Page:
The 50 Books to Read Before You’re 50
A good book never goes out of style. Consider this mix of contemporary and classic titles a personal challenge of must-reads before you hit the half-century mark.
Author Louisa May Alcott originally wrote this classic as two separate volumes in quick succession between 1868 and 1869, but they were compiled into the single book we now know as Little Women in 1880. The March sisters, each in their own way, are forces to be reckoned with, and you’ll be hard-pressed to finish the tome with dry eyes. Here are some other strong female characters that would make Josephine March proud.
The Five People You Meet in Heaven
A book doesn’t typically open with the end of the main character’s life, but that’s exactly how author Mitch Albom sets the stage for The Five People You Meet in Heaven. Amusement park maintenance worker Eddie receives life-affirming understanding when he reaches the golden gates, encountering five pivotal people from his life with whom his connections were far stronger than he could have ever imagined. If you’ve ever looked at life’s twists and turns and thought, “Why?” The Five People You Meet in Heaven offers a sentimental reassurance.
The Handmaid’s Tale
Just because you can stream Hulu’s televised take on Margaret Atwood’s haunting novel doesn’t mean you shouldn’t dig into the pages of the book itself. The author manages to mingle satire and humor with an absolutely terrifying look at what could happen when women have lost the right to be in control of their own bodies. Originally published in 1985, The Handmaid’s Tale may hit very close to home in terms of the political stakes of our present world. There’s a reason Reader’s Digest counts it among the ten books written by female authors every woman should read in her lifetime.
You’ll Grow Out of It
When you need to commiserate, laugh, cry, and be reminded that, yes, this too shall pass, Jessi Klein’s collection of essays will embrace you just as a good friend would. A New York Times best seller, You’ll Grow Out of It covers all of the bases, from Klein’s childhood to her foray into motherhood. An often humorous take on what it means to be a woman in the 21st century, female readers will likely relate to the issues and anxieties, while maybe, just maybe, men will gain a deeper understanding of their world.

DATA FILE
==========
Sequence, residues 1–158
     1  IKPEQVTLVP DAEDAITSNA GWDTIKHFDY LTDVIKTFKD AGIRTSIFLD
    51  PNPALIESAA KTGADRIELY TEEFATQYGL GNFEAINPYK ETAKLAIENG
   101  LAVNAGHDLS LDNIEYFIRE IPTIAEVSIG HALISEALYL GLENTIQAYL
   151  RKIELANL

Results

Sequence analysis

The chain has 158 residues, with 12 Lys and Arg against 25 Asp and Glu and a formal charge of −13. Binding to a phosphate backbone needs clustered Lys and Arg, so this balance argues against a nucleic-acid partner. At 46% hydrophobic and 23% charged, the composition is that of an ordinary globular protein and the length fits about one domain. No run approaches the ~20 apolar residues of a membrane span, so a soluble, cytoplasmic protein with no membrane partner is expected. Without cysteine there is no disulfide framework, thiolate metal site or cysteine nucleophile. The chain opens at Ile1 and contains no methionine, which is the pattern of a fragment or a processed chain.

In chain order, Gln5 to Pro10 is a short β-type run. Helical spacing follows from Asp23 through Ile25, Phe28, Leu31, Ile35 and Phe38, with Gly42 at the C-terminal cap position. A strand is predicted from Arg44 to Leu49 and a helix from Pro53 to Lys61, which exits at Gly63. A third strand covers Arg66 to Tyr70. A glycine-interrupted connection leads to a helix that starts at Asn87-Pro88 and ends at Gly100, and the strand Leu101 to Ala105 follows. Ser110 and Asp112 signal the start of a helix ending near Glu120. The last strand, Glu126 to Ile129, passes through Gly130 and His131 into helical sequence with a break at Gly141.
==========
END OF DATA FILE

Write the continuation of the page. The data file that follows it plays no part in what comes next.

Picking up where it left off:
Think and Grow Rich
One might assume a self-help book published in 1937 would have no relevance in today’s world. One would be wrong. The philosophies explored by author Napolean Hill during the Great Depression still apply, teaching generations of folks how to succeed in many different occupations. Think and Grow Rich is more than a guide to wealth, it serves as encouragement that one can be almost anything they wish to become.
A Prayer for Owen Meany
Rich in themes of fate, spirituality, and social justice, John Irving’s A Prayer for Owen Meany delivers a thought-provoking and often gut-wrenching look at two childhood best friends with vastly different views on life. Title character Owen Meany believes he is an “instrument of God,” with a specific life’s purpose and fate despite his small stature and high-pitched voice. His pal John Wheelwright, who narrates the story, isn’t so sure. You’ll likely look at life a little differently after becoming acquainted with these fictitious lives.
For anyone who has set aside their dreams out of fear they’ll never come to fruition, author Paulo Coelho wrote this for you. “In The Alchemist, I relate myself to the Englishman—someone who is trying to understand life through books,” said Coelho in an interview with the publisher on the novel’s 25th anniversary. “It’s quite interesting how many times we use books to understand life. I think that a book is a catalyst: it provokes a reaction. I am a compulsive reader. I read a lot, but from time to time, there are books that changed my life.” Find out why Reader’s Digest included The Alchemist on our list of the 30 most quotable books ever written.
To Kill a Mockingbird
Harper Lee’s Pullitzer Prize-winning novel about a young family in the deep South whose patriarch crusades against social injustice and rampant prejudice has sold over 40 million copies across the globe. If that’s not reason enough to open To Kill a Mockingbird for the first time or revisit the classic, then we’re not sure what is. Here are some more high school English books worth a re-read.
The Poisonwood Bible: A Novel
When a book makes the reader question their previously held thoughts and beliefs, it’s a keeper. Barbara Kingsolver’s The Poisonwood Bible does just that. Following the story of an evangelical Baptist who takes his wife and daughters to Belgian Congo in the late 1950s, each twist and turn is just as gripping and suspenseful as the next.
This isn’t your ordinary spy novel, which makes it a must-read. Author Trevanian immerses the reader into the world of Nicholai Hel, described as “the world’s most wanted man.” There’s mystery, history, and culture with a philosophical touch not typical to fiction of this genre. Originally published in the 1970s, folks find themselves returning to Shibumi for re-reads again and again. Don’t miss these other top thrillers of all time.